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Flipped Classroom: The Full Picture for Higher Education

Flipped Classroom: The Full Picture for Higher Education
The Flipped Classroom, as most know, has become quite the buzz in education. Its use in higher education has been given a lot of press recently. The purpose of this post is to: Provide background for this model of learning with a focus on its use in higher education.Identify some problems with its use and implementation that if not addressed, could become just a fading fad.Propose a model for implementation based on an experiential cycle of learning model. Background About the Flipped Classroom This first section provides information from various articles that describe the flipped classroom, and how it is being discussed and used in educational settings. In its simplest terms, the flipped classroom is about viewing and/or listening to lectures during one’s own time which frees up face-to-face class time for experiential exercises, group discussion, and question and answer sessions. It’s called “the flipped classroom.” Sal Khan, of the Khan Academy, states: Personal Experiences Basic Tenets Related:  self blend

Inverted Classroom in Deutschland | Informationen zum Konzept des umgedrehten Unterrichts inversée La Section Belge de l’Association Internationale de Pédagogie Universitaire (AIPU) que je préside a lancé il y a quelque temps un nouveau type d’activité : le 10 > 20 > Trente ! Le premier portait sur les Flipped Classrooms, les classes inversées. Vidéo initiale d’introduction et débat en salle. [...] L’hybridation que proposent les Flipped Classrooms est une voie intéressante pour les institutions qui se cherchent (pas trop longtemps, j’espère) ou qui cherchent une planche de salut (oui, je pense qu’on en est là) devant l’efflorescence des MOOC (la virtualisation de l’enseignement traditionnel encore trop présent) et le potentiel des PLE (Personal Learning Environment) en matière d’activités d’appropriation et d’interactivités. [...] Au travers de la question (épistémologique, historique, philosophique) du « Comment le savoir arrive-t-il aux Hommes ?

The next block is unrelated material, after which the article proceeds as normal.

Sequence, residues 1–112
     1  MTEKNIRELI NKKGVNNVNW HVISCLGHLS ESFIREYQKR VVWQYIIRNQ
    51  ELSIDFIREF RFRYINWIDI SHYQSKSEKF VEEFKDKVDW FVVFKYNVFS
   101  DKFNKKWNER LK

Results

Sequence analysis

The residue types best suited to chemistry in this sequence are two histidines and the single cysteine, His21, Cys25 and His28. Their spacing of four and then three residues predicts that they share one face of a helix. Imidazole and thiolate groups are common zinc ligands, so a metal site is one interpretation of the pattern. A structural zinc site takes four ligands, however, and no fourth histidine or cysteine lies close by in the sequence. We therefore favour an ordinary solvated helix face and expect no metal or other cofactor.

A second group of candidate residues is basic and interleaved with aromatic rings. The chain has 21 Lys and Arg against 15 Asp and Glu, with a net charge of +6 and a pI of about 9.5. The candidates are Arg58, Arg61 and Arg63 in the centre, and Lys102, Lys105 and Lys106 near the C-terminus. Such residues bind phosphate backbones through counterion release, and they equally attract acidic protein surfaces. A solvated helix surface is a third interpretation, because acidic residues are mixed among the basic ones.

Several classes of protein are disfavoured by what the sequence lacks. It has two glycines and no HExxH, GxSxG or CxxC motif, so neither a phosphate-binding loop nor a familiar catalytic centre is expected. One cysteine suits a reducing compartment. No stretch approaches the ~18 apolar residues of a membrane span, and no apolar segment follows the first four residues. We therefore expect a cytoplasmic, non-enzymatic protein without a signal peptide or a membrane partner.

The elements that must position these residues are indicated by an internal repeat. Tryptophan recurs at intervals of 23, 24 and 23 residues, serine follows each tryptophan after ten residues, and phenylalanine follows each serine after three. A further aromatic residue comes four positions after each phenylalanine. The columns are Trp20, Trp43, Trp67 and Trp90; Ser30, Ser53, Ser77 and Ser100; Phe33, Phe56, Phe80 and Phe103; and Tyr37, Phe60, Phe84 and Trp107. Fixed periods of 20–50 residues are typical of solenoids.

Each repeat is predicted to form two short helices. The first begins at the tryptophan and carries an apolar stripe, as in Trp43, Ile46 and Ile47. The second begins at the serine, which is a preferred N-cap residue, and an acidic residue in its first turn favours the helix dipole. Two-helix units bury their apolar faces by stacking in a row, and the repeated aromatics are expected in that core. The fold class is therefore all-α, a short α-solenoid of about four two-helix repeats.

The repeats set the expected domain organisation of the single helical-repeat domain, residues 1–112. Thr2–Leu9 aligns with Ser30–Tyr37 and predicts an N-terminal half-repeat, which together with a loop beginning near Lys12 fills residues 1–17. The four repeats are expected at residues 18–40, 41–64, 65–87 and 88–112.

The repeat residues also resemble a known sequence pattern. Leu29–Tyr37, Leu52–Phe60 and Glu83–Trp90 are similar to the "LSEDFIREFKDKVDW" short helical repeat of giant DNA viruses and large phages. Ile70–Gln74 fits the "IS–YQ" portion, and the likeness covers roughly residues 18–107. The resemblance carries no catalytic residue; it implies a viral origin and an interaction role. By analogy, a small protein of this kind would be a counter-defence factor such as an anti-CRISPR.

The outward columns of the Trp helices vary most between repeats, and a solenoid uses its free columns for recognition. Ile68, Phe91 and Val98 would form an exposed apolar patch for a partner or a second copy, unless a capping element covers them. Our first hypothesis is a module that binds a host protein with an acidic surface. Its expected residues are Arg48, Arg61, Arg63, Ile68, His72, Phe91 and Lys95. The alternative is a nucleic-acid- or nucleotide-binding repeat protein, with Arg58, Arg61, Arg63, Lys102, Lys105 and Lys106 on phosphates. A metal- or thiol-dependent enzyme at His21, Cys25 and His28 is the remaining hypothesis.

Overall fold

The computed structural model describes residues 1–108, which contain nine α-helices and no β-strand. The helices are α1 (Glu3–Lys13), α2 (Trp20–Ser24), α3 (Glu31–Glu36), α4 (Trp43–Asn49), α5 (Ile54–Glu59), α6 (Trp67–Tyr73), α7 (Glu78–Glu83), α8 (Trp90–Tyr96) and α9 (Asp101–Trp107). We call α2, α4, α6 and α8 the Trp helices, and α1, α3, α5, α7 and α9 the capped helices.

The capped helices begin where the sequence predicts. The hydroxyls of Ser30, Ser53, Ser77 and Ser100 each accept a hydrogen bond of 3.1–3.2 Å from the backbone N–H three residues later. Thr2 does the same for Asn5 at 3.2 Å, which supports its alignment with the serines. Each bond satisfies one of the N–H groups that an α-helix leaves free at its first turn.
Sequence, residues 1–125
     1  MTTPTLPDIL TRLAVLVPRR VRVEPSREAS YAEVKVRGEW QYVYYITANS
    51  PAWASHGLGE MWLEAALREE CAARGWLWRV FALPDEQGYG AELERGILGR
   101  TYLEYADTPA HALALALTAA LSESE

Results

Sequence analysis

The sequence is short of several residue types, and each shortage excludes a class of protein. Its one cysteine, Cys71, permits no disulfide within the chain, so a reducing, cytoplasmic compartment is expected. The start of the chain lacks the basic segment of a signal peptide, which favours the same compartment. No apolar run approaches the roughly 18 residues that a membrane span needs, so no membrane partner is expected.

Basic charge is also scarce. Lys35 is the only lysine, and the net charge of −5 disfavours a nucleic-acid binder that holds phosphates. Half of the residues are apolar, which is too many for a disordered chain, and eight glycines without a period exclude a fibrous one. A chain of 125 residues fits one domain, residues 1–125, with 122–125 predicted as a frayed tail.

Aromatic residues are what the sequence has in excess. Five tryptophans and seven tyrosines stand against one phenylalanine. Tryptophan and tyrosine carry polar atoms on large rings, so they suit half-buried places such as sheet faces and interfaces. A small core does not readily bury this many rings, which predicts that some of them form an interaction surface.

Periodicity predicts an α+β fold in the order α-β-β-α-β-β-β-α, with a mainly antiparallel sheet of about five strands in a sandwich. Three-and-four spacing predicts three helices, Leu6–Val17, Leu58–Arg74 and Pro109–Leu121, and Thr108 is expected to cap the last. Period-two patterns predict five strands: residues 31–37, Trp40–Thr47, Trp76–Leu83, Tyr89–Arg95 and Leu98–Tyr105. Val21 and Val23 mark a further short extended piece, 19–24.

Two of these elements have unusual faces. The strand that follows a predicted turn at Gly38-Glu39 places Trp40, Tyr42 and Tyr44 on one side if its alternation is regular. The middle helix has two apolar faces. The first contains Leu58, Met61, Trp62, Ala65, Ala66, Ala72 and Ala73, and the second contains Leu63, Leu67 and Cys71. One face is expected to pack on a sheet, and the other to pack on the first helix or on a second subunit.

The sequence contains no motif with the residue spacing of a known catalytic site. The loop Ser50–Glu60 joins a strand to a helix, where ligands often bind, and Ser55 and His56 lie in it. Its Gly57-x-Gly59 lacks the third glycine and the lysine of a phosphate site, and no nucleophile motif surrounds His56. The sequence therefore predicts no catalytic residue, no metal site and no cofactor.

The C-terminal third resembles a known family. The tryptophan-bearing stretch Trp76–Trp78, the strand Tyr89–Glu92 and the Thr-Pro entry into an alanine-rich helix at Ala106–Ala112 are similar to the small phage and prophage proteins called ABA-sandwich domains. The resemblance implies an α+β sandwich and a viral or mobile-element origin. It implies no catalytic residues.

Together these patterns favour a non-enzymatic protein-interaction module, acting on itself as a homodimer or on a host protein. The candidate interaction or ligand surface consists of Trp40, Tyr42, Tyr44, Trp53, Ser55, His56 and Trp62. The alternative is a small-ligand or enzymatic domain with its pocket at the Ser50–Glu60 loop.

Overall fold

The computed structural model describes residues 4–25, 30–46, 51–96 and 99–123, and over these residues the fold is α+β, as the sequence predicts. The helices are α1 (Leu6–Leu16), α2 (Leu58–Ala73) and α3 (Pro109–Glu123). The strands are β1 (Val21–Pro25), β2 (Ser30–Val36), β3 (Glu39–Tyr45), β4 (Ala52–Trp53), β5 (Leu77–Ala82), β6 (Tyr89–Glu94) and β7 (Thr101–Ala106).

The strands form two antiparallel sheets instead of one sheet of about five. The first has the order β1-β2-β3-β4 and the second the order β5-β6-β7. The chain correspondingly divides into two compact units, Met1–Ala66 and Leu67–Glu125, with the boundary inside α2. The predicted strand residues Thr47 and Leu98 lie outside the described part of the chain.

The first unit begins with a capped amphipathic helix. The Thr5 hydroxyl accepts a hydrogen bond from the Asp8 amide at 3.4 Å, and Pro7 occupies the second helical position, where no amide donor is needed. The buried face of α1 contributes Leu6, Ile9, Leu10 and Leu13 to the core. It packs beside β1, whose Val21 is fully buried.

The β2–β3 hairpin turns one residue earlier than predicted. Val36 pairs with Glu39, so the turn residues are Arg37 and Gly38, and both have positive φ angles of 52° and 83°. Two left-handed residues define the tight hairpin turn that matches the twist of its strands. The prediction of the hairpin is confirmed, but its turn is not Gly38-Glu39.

The Flipped Classroom Model: A Full Picture Due to Khan Academy’s popularity, the idea of the flipped classroom has gained press and credibility within education circles. Briefly, the Flipped Classroom as described by Jonathan Martin is: Flip your instruction so that students watch and listen to your lectures… for homework, and then use your precious class-time for what previously, often, was done in homework: tackling difficult problems, working in groups, researching, collaborating, crafting and creating. A compiled resource page of the Flipped Classroom (with videos and links) can be found at The advantage of the flipped classroom is that the content, often the theoretical/lecture-based component of the lesson, becomes more easily accessed and controlled by the learner. It is important, though, not to be seduced by the messenger. The problem is that educators, as a group, know how to do and use the lecture. The Flipped Classroom Model Experiential Engagement: The Activity Summary

Flipping the Classroom Facilitates Active Learning Methods In a recent exchange in the media, the USA Today news site sensationalized a study under way at Harvey Mudd College, using the headline “‘Flipped classrooms' may not have any impact on learning“1. As the debate rolled out in the media over this, it became apparent that USA Today had taken the study and published information out of context (I know, shocking). In this commentary published the next day by Harvey Mudd teacher and study participant Darryl Yong we learn that, “the article greatly oversimplifies things by portraying our study as an attempt to answer whether flipped classrooms work or not. I am a firm believer that a key benefit of flipped instruction is that it frees up some time to enable Active Learning in the classroom. Facilitating Active Learning via ‘the Flip' Wikipedia defines Active Learning as, “an umbrella term that refers to several models of instruction that focus the responsibility of learning on learners”3. Experiential Learning: Dr. 1. 2. 3. 4. —. 5. 6. 7. 9.